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If we do not want people earning £20,000, £25,000 or £30,000 a year to be paying for benefits to go to much wealthier households, the alternative would be an extension of the tax credit system. That would have placed a much greater burden both on households and the Government. Of the available alternatives, we have gone for the simpler option.
We are deferring the 3p per litre duty increase that was planned for August to January next year. Action by this Government to reduce the deficit and rebuild the economy is already benefiting businesses and families and keeping mortgage rates low. As hon. Members know, this Government have also had to make difficult decisions so we can tackle the deficit left to us by the previous Administration. They include withdrawing child benefit from households earning more than £50,000. That is a fair way to make savings, so we can meet our targets to cut the deficit.
We are also taking steps to ensure that the wealthy pay their fair share too. The Budget package ensures that the wealthiest will pay five times more than the cost of reducing the additional rate of income tax. The introduction of a new higher rate of stamp duty land tax of 7% on properties sold for more than £2 million will raise over £1 billion in the next five years. At the same time, this Government are also tackling avoidance, as demonstrated in the Bill. The new SDLT enveloping entry charge rate of 15% will deter those seeking to put their high-value property into corporate structures to avoid tax. Also, debt buy-back measures will raise over £500 million from banks that try to avoid paying the tax due, and the introduction of the UK-Switzerland agreement will ensure we can address the tax loss from those who put their money into Swiss banks to evade tax.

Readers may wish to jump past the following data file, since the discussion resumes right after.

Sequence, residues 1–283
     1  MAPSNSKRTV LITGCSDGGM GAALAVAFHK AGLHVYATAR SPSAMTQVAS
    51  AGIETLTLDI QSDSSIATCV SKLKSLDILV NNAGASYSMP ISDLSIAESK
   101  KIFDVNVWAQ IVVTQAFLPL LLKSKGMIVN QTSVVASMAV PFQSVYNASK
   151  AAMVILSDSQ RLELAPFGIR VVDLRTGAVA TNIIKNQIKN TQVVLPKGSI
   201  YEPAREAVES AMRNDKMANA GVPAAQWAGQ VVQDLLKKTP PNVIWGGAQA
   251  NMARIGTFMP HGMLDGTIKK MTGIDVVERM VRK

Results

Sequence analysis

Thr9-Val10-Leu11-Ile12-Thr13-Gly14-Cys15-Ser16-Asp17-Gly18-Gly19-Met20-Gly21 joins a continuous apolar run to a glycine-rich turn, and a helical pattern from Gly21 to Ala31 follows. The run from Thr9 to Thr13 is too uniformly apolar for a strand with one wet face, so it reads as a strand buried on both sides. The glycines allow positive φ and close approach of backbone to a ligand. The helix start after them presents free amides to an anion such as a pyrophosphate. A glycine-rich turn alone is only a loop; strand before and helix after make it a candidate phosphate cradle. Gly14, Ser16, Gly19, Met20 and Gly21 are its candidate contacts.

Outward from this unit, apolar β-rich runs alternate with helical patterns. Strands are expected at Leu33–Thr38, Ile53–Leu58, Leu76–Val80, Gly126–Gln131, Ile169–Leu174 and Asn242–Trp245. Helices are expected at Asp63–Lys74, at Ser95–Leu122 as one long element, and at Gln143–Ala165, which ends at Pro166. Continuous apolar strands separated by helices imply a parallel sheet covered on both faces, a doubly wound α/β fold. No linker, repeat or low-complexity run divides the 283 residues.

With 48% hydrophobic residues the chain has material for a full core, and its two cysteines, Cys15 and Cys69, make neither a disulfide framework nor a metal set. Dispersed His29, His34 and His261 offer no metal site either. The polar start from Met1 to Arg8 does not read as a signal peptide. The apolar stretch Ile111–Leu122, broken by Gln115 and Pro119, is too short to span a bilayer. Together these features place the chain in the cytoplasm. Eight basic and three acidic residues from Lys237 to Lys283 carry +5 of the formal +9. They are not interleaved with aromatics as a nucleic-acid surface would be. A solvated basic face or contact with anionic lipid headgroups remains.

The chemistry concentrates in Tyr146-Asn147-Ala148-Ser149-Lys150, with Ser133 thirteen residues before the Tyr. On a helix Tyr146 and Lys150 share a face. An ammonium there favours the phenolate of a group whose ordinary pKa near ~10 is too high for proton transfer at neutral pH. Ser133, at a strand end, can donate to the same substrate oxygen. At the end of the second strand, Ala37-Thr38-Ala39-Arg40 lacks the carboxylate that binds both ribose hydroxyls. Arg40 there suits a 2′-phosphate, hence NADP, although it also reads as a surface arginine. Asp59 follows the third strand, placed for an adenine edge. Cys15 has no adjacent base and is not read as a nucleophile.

There has been extensive scrutiny of this Bill, including about 44 hours in Public Bill Committee. From looking at some of the new clauses tabled for today, I am happy to see that the Opposition continue to stick to their same theme on this Bill, which is to ask for reports, rather than focusing on policies. We have seen 34 Opposition-requested reports over the last 10 weeks, but no real policy alternatives. Yesterday, we were discussing Groucho Marx, and I wonder if the Opposition ever needed to be reminded of the quote:
“The problem with doing nothing is that you never know when you are finished.”
In order to make progress with Government business in good time, we agreed with the Opposition, through the usual channels, to programme parts of this Bill.
It is a delight to see my hon. Friend Jacob Rees-Mogg once again in his usual place. As he rightly said yesterday, this legislation is the body, soul and guts of this Budget.
I thank all who participated in Committee and on Report.